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Creative destruction

Creative destruction is the theory that suggest economies are strengthened by new companies that destroy or diminish existing companies.

Expanded Definition

Creative destruction was a term coined Joseph Schumpeter to describe how capitalism works. According to theory for capitalistic societies to advance new companies with new infrastructure, products or services must arise and displace or destroy existing companies. This is a continual ongoing process of reinvention. According the model the usual victims are monopolies where the lack of competition due to their extreme competitive advantage has diminished their innovation. E.g. Auto manufactures and the rise of automobile destroyed many railroad companies. Creative destruction is a normal and healthy aspect of a capitalistic economy and according to the theory should not be hindered from progressing. If creative destruction is not allowed to occur the economy becomes bloated and inefficient.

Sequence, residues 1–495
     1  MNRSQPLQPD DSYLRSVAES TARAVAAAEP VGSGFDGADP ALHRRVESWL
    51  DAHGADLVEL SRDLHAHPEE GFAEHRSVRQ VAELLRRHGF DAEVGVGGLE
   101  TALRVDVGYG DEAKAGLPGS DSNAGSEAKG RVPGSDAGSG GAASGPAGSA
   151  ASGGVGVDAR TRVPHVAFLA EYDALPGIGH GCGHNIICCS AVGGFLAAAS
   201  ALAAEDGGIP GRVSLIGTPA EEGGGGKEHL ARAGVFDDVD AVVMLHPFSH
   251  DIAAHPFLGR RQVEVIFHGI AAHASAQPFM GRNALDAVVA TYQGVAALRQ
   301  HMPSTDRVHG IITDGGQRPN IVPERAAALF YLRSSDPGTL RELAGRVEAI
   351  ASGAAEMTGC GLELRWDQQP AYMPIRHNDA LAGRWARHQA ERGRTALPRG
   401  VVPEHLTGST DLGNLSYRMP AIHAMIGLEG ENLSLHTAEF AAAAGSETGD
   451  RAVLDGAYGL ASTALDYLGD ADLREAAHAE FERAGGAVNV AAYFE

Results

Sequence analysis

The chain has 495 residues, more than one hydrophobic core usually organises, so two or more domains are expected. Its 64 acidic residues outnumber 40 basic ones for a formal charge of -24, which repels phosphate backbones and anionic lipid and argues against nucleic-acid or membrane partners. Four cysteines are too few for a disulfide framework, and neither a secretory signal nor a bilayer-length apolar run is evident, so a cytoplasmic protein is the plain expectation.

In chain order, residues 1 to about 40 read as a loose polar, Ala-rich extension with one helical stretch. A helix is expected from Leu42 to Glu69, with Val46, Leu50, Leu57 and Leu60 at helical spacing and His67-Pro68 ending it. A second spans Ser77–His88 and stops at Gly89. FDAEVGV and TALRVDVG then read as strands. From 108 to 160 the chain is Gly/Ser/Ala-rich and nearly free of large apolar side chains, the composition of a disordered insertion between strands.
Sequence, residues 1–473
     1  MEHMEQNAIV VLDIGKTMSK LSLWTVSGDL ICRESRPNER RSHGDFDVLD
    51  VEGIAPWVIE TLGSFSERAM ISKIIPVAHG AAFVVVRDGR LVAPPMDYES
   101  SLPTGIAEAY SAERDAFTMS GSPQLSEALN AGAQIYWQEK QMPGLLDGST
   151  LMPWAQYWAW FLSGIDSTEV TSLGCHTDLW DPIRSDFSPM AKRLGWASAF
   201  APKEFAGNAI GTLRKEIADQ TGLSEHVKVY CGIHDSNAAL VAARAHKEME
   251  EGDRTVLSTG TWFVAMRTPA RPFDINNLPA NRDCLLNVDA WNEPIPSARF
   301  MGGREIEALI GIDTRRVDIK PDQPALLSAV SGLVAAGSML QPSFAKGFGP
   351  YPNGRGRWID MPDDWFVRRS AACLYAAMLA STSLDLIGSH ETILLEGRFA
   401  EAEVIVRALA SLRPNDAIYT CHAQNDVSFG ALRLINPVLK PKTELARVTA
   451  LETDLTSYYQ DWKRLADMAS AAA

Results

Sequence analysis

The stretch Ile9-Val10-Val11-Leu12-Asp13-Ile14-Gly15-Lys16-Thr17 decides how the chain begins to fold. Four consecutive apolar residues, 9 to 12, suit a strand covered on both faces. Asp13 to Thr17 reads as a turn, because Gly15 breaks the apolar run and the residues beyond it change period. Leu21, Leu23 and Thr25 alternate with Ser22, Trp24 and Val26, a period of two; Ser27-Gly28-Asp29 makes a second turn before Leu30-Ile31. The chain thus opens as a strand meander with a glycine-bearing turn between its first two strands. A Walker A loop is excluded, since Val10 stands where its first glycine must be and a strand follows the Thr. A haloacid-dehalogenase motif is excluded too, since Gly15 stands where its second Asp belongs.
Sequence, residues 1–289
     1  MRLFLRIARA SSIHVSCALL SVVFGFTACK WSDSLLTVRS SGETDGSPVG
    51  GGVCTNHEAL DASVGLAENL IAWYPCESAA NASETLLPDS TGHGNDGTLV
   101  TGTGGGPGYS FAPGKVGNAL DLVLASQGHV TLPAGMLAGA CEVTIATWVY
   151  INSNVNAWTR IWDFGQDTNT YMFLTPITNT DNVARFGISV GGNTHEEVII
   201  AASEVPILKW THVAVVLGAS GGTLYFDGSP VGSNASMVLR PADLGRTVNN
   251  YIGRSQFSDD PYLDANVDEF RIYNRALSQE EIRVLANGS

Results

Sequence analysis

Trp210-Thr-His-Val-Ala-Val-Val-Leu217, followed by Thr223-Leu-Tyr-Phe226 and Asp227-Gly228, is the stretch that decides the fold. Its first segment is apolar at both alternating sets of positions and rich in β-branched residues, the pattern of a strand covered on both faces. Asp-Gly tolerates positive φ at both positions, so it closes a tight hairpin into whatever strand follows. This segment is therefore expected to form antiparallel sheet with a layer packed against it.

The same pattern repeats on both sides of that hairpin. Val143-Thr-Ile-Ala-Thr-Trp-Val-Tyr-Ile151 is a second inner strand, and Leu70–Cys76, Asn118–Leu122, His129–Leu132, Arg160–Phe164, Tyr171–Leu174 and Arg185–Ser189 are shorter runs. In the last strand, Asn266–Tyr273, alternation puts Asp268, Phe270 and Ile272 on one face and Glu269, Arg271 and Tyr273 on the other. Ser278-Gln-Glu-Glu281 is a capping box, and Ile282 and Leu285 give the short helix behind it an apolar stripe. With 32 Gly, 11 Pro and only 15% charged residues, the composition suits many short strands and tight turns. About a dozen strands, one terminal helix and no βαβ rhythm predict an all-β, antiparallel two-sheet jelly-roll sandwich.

Creative destruction can often be politically unpopular as many workers can get displaced and have their skillsets be useless for finding new jobs. Economic downturns can accelerate the process by bringing weaker firms to their demise opening new opportunities. Many of the world's strongest firms are born in touch economic times.

The term is often couple with phrases and buzz words such as new paradigm by many aspiring companies and start-ups who hope to change how business is done.

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